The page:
CLEARING UP THE CLIMATE DEBATE: CSIRO’s James Risbey explains why it’s not “alarmist” to describe the threat of climate change to the public and how the climate system will respond to half measures.
With many issues to be considered in setting a climate policy one can end up wondering what the role of climate science is in all this.
After all, climate science doesn’t tell us what to do. It doesn’t tell us whether to have a carbon price or where it should be set. Those decisions ultimately involve a range of normative and deliberative issues which are beyond the scope of climatology.
Climatology can tell us, however, what is likely to happen if we don’t act, or if we don’t act with sufficient speed to keep total emissions within specific carbon allocations.
There is no single threshold above which climate change is dangerous and below which it is safe. There is a spectrum of impacts. But some of the largest impacts are effectively irreversible and the thresholds for them are very near.
In particular, the melting and breakdown of polar ice sheets seems to be in the vicinity of a couple of degrees warming. This expectation is based on current high rates of mass loss from the ice sheets compared to relative stability through the Holocene (the past 10,000 years) and on past ice sheet response in periods such as the Pliocene (a few million years ago) when the Earth was a couple of degrees warmer than preindustrial times (and sea level up to 25m higher).
We have already had about 0.8°C warming globally, with another third of a degree locked in by the inertia of the climate system.
That leaves, somewhat optimistically, perhaps a degree or so of wiggle room. Translating that into carbon emissions, if we wish to keep the total warming below about 2°C (with 50% chance), then we have a total global carbon emission allocation of between about 800 and 1000Gt carbon.
We have already emitted about 550Gt, leaving perhaps another 250–450Gt. Current global emissions are about 10Gt per year, growing at roughly 3% per year.
That leaves a few decades at present rates before having committed to 2°C warming and crossing the expected thresholds for ice sheet disintegration. And that is for a 50% chance of not crossing the 2°C threshold. For more comfortable odds of staying within the threshold, the total carbon allocation drops and so the time to threshold is even shorter.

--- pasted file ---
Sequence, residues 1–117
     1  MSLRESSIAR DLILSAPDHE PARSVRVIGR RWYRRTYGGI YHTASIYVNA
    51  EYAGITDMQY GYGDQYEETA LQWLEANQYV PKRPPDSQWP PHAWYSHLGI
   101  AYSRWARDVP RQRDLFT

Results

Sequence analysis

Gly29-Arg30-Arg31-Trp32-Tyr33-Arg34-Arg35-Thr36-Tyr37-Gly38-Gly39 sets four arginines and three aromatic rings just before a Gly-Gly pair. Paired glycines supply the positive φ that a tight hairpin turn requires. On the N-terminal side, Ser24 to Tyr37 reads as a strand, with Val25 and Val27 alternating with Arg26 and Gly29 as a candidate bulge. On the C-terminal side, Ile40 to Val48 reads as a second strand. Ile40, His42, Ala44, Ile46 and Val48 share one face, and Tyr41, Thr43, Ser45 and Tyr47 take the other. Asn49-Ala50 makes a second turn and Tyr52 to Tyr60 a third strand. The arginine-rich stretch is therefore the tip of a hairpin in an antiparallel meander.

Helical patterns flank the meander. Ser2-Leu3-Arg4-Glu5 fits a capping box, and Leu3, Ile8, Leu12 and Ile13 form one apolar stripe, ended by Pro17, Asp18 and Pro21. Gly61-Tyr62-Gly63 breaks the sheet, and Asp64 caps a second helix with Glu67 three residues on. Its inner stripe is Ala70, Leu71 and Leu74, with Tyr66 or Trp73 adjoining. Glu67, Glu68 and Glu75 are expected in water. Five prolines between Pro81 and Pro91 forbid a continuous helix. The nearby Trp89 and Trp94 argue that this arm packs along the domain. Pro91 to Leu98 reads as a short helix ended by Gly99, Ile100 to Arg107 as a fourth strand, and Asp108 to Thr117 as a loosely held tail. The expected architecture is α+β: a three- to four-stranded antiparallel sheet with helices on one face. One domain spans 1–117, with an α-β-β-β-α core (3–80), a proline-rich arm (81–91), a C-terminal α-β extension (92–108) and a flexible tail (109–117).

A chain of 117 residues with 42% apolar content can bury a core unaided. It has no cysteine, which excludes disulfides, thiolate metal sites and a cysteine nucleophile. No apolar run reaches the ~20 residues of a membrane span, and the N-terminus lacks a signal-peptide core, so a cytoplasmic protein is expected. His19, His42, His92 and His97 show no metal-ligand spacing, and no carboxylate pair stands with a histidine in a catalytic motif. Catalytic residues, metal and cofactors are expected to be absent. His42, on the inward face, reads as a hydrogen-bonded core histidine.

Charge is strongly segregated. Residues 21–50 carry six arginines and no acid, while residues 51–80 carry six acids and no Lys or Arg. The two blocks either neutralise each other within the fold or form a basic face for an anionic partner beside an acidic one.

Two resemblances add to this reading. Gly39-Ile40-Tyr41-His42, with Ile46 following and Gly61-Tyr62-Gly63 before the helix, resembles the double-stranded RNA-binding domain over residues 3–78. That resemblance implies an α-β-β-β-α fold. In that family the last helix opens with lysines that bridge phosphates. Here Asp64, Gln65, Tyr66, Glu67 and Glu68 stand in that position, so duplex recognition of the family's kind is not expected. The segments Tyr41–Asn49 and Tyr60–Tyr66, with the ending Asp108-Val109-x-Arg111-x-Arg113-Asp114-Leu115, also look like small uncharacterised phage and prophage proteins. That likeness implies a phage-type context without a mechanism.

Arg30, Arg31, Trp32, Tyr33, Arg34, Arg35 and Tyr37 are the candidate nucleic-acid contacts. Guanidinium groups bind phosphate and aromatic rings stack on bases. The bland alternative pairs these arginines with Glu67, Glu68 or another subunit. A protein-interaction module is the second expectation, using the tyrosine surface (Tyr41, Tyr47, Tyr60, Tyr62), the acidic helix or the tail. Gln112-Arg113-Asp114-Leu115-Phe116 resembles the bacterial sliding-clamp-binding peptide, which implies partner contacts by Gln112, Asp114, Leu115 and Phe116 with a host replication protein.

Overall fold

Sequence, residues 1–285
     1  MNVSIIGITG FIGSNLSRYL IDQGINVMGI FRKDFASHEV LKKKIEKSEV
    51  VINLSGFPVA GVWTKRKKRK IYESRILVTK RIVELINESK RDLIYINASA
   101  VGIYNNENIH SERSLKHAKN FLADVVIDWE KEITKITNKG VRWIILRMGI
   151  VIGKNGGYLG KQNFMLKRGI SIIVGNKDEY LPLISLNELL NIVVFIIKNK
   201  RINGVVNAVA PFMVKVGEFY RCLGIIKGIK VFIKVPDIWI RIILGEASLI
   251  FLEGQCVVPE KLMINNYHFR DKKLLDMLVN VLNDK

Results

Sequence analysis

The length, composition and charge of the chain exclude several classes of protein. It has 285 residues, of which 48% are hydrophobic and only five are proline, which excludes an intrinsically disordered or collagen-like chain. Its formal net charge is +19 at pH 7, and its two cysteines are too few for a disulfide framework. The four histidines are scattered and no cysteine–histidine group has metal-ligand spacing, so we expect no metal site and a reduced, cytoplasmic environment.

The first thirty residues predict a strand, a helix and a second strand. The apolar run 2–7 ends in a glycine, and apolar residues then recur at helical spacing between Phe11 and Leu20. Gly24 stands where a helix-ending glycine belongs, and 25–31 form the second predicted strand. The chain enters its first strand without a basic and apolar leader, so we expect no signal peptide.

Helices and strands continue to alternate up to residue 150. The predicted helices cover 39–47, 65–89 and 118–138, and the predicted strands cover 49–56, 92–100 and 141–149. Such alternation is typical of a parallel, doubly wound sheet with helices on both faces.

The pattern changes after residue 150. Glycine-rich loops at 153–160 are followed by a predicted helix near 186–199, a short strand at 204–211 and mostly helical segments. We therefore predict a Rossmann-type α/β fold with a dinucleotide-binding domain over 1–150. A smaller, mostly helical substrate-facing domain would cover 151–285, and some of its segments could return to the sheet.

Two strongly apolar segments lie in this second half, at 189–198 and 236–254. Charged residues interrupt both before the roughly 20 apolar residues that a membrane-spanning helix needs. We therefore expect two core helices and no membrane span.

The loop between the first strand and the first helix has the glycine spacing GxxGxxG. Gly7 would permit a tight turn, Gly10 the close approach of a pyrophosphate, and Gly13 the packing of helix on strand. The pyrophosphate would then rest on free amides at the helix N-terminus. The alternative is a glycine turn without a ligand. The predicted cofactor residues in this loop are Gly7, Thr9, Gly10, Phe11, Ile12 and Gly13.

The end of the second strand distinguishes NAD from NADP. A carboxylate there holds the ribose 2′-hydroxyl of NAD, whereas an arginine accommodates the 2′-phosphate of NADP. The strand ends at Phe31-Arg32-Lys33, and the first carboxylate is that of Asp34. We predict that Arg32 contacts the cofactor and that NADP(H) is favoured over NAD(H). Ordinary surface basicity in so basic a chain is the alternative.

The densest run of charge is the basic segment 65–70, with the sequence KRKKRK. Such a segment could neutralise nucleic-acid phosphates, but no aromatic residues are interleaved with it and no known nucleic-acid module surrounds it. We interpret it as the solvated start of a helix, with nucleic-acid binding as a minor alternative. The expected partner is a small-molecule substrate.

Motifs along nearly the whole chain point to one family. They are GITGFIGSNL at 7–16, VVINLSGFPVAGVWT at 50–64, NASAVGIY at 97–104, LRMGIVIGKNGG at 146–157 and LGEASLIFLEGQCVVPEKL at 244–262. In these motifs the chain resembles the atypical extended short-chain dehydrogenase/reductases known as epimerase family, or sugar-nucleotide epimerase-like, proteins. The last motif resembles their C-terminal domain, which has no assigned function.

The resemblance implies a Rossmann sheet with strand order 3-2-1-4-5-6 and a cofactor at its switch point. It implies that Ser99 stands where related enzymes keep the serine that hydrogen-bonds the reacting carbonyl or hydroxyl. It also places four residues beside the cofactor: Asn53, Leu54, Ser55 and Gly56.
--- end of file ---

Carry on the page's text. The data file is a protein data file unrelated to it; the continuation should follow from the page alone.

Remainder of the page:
Surely this estimate is vastly uncertain?
Everything has some uncertainty, but the uncertainty in this case lies mostly in the timing, not in the essential result. Ice sheets are sensitive to warming somewhere in this vicinity of temperature change and the climate system will yield 2°C warming somewhere in the vicinity of 800–1000Gt of carbon emissions.
If the climate is a bit less sensitive than we think then we might have a little bit more wiggle room than the 250–450Gt allotment, but not much, and we’ll exceed that allotment very soon thereafter anyway.
We’re only a few decades away from a major tipping point, plus or minus only about a decade. The rate at which the ice sheets would melt is fairly uncertain, but not the result that says we are very close to a tipping point committing to such melt and breakdown.
If we were to keep remaining emissions inside the 250–450Gt carbon allocation, we would need to take account of the inertia in energy systems and infrastructure, which set some limits on the maximum rate that emissions can be reduced.
To stay within the budget, we can’t hope to emit 10Gt a year (the present emissions rate) for the next thirty years and then reduce emissions suddenly to zero. Rather, net emissions would need to be phased down to zero to stay within the budget.
The longer stringent emissions reductions are delayed, the more drastic they must be to stay within the 250–450Gt budget. With more than a small delay, the reductions needed are faster than can be achieved in turning over the stock of emitting infrastructure.
Thus, if we were to stay within this budget, dramatic emission reductions would have to begin now. Delayed action on stringent emissions reductions almost certainly implies overshooting the thresholds and locking in vast long term impacts.
Is it irresponsible or “alarmist” of climatologists to point this out? The science brief for policy is not to prescribe policies, but to point out the implications of pursuing or not pursuing particular courses of action.
Pointing out that we are close to one of the largest tipping points imaginable in the climate system is well within the remit of science. It’s not alarmist to describe the threat accurately; it’s alarming if the political and social culture can’t absorb this.
Sociologists tell us that it is easier to motivate people for climate policies by focusing on the benefits of acting (the carrot) rather than on the costs of not acting (the stick).
As such, they suggest focusing on a positive vision and the good outcomes associated with addressing climate change. While this may be the right strategy, the appeal to benefit comes with no timetable and no particular sense of urgency.
It is the knowledge of climate thresholds and emission rates that sets the timing issues. Science provides the stick, which is the statement of consequence of not reducing carbon dioxide emissions in rapid order. The carrot might be the best way to get us moving, but the stick sets the beat.
Whatever motivations we use to enact climate policy, the climate will respond to our emissions. Emissions policies must therefore be measured by the effects they will have on the climate (among other things).
Policy measures that do not provide the ability for a stringent draw down of carbon emissions on the short time scales implied by the 250–450Gt carbon budget vastly increase the likelihood of crossing critical climate thresholds.
Read the full series of articles at The Conversation.